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Everything You Need to Know About the LAP-BAND®

Many patients who have struggled with their weight for years consider Lap-Band surgery as a permanent solution for their weight loss troubles. There are positive and negative aspects to any surgery, but most patients who have not succeeded in losing weight by changing their diet and exercise routines have found success with the Lap-Band surgery solution.

What is the Lap-Band?

The Lap-Band looks similar to a small belt with inflatable chambers that line the inner surface so that the device can be tightened or loosened as necessary. It is placed around the uppermost part of the stomach via laparoscopic surgery. During the procedure, a laparoscope is inserted through a small incision near the belly button to give the surgeon a clear view inside the abdomen. Then, a few more small incisions are made to insert the Lap-Band and secure it around the stomach.

The procedure is minimally invasive and reduces the amount of food a person is able to consume by shrinking the size of the stomach. It also increases the amount of time it takes for the stomach to empty, making patients feel hungry less often. Unlike gastric bypass procedures, the Lap-Band does not compromise the actual anatomy of the stomach permanently.

The bands are constructed with biocompatible materials so they are not commonly rejected by the body. There are five sizes available for the Lap-Band solution.

Who Are the Best Candidates?

The best candidates for Lap-Band surgery are those who are at least 100 pounds heavier than the ideal weight for their height. They should also be between the ages of 18 and 55 and have a body mass index (BMI) of at least 40. Most surgeons will perform the operation on a patient with a BMI between 30 and 40 if the patient has a disease that is likely to be improved by weight loss. These diseases include hypertension, type 2 diabetes, obstructive sleep apnea, high cholesterol, and non-alcoholic fatty liver disease. Doctors usually place their obese patients on a medically supervised diet for about six months to see if they are able to lose weight by changing their diet before performing Lap-Band surgery.

Lap-Band surgery is not recommended for patients who have hypothyroidism or other endocrine diseases that aren’t being treated, severe cardiopulmonary distress, dependency on drugs or alcohol, or inflammatory diseases of the gastrointestinal tract. Patients who plan to become pregnant usually have their Lap-Band deflated during pregnancy and birth. Patients who have undergone other weight-loss surgeries in the past should talk to their doctors about the possibility and potential complications of the Lap-Band surgery. Lap bands have been shown to be effective even in patients who have undergone failed weight-loss procedures in the past.

Post-Surgical Care

Patients should remove the dressing from their surgical site within 48 hours of surgery. Heavy-lifting should be avoided for at least the first six weeks following surgery. Most doctors schedule follow-up visits for their Lap-Band patients every six weeks for at least the first year. The Lap-Band may be adjusted as needed during these appointments. Patients are encouraged to make permanent lifestyle changes including a healthy diet for the best results. Most patients will be able to eat about one-third of the amount of food they were eating before undergoing Lap-Band surgery.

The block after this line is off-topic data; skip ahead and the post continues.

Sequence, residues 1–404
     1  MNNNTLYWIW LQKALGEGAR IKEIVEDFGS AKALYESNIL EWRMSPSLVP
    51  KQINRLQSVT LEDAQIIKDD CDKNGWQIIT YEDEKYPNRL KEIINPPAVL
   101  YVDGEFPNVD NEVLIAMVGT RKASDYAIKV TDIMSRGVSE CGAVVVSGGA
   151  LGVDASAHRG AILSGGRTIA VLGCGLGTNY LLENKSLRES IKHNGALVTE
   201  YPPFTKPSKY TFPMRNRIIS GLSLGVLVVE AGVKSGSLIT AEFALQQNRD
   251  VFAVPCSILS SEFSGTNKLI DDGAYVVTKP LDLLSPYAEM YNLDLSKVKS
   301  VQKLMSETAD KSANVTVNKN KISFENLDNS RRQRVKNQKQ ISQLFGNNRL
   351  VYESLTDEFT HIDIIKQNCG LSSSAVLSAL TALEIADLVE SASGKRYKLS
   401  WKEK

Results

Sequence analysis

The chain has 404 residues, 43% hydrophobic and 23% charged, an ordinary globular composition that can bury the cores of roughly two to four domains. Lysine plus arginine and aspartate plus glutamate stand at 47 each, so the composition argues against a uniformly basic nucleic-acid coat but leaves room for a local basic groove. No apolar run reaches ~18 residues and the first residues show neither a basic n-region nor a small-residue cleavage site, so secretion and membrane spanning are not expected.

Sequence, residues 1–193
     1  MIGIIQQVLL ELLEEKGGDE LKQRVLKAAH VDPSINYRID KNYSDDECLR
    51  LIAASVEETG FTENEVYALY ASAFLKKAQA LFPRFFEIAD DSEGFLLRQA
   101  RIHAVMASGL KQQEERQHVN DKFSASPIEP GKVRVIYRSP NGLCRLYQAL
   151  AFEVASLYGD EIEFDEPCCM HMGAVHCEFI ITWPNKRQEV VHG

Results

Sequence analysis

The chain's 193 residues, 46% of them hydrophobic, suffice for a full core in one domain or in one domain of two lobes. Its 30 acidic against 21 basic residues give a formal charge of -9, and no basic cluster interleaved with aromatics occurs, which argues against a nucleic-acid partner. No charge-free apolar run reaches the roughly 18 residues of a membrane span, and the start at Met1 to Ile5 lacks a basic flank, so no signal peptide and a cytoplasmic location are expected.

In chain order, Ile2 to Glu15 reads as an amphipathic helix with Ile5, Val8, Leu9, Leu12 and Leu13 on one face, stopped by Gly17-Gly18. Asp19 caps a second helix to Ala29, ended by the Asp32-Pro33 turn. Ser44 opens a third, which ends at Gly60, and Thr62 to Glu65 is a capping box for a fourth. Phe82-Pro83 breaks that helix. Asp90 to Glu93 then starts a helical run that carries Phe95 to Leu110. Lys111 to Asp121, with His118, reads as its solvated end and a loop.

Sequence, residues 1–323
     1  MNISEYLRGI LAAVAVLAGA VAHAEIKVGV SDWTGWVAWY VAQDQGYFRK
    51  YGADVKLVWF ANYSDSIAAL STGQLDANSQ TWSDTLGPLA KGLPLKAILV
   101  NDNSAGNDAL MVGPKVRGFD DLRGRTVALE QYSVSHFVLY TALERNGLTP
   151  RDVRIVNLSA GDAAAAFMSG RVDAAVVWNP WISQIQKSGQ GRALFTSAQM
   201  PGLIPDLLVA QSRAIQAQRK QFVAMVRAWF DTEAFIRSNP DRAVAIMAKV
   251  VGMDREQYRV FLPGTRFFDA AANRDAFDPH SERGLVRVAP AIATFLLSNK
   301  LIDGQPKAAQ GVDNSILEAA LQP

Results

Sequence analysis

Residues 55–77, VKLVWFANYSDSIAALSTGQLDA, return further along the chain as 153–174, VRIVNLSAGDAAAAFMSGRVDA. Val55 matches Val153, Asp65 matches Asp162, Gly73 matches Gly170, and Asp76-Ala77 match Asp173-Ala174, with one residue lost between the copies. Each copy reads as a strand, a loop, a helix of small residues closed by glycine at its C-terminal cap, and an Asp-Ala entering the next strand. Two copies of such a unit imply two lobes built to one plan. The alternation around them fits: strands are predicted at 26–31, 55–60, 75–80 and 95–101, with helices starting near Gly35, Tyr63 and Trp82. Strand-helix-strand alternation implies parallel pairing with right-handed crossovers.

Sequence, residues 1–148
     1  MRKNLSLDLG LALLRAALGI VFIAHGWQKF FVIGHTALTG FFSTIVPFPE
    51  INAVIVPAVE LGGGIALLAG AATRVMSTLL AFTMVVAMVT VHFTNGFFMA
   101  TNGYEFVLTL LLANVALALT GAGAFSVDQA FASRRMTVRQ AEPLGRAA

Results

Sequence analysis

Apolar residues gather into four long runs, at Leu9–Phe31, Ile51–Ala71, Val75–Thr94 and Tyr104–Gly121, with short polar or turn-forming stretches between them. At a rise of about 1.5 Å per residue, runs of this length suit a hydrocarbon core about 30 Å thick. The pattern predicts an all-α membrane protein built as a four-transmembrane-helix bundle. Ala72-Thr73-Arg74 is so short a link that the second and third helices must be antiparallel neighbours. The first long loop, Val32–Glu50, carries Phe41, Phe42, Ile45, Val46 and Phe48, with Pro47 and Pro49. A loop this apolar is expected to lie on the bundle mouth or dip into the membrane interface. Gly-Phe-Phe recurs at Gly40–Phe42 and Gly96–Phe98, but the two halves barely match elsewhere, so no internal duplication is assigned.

Pros of Lap-Band Surgery

The biggest pro of Lap-Band surgery, and the reason that people have the surgery, is expedited weight loss. Most patients lose around fifty percent of their excess body weight after Lap-Band surgery, usually within a year. Patients also enjoy the health benefits of weight loss such as reduced risk for diseases like type 2 diabetes, high blood pressure, and high cholesterol. Patients also find it easier to exercise and feel more motivated. Patients also appreciate that the surgery can be reversed if necessary.

Cons of Lap-Band Surgery

Patients lose weight slower after Lap-Band surgery than they do after gastric bypass or other more drastic surgeries. Some patients have trouble eating certain foods after their surgery and food must be chewed very thoroughly so that it passes easily through the stomach. People who have had this surgery must also get used to eating significantly less food than they were able to eat in the past. Nausea and vomiting have also been reported by some patients as they began eating regular foods.

There are inherent risks in any surgery, and the Lap-Band is no different. Complications such as the band’s erosion through the stomach wall have occurred, although rarely. It’s important that your doctor clearly communicates any risks involved before you make your decision.

Controversy Surrounding the Lap-Band

Five patients who underwent the Lap-Band procedure in clinics associated with the 1-800-GET-THIN advertising campaign have died since 2009. Allergen, the Lap-Band’s manufacturer, has since refused to sell their device to clinics associated with the campaign, and the clinics involved are being investigated for insurance fraud.

While this is certainly bad press for the Lap-Band, potential patients should rest assured that these incidences were most likely related to objectionable surgeons who 1) weren’t competent in their practice and 2) did not openly communicate all risks involved with the surgery to their patients.

This is why it is of extreme importance to choose an experienced, reliable surgeon with a clean record who is board-certified and prioritizes your best interests.

Weight-loss surgery isn’t for everyone, but Lap-Band surgery has been shown to be one of the most effective and least invasive options. It has helped thousands of people around the world lose weight and improve their health. Talk to your doctor if you think you are a Lap-Band candidate.

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